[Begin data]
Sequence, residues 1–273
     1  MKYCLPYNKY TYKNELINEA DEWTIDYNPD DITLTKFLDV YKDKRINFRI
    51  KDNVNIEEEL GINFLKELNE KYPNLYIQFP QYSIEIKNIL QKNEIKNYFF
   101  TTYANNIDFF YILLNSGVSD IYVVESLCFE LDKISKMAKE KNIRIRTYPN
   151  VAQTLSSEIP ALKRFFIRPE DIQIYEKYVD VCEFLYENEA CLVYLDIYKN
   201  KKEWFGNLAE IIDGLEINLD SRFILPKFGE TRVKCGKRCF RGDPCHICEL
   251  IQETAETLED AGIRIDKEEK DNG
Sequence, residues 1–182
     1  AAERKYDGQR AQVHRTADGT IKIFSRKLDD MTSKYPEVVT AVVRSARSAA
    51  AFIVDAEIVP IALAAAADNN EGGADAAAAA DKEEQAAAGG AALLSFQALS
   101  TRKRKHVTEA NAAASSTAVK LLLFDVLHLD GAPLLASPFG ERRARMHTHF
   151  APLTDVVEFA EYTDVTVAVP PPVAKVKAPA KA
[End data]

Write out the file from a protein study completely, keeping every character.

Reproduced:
Sequence, residues 1–273
     1  MKYCLPYNKY TYKNELINEA DEWTIDYNPD DITLTKFLDV YKDKRINFRI
    51  KDNVNIEEEL GINFLKELNE KYPNLYIQFP QYSIEIKNIL QKNEIKNYFF
   101  TTYANNIDFF YILLNSGVSD IYVVESLCFE LDKISKMAKE KNIRIRTYPN
   151  VAQTLSSEIP ALKRFFIRPE DIQIYEKYVD VCEFLYENEA CLVYLDIYKN
   201  KKEWFGNLAE IIDGLEINLD SRFILPKFGE TRVKCGKRCF RGDPCHICEL
   251  IQETAETLED AGIRIDKEEK DNG
Sequence, residues 1–182
     1  AAERKYDGQR AQVHRTADGT IKIFSRKLDD MTSKYPEVVT AVVRSARSAA
    51  AFIVDAEIVP IALAAAADNN EGGADAAAAA DKEEQAAAGG AALLSFQALS
   101  TRKRKHVTEA NAAASSTAVK LLLFDVLHLD GAPLLASPFG ERRARMHTHF
   151  APLTDVVEFA EYTDVTVAVP PPVAKVKAPA KA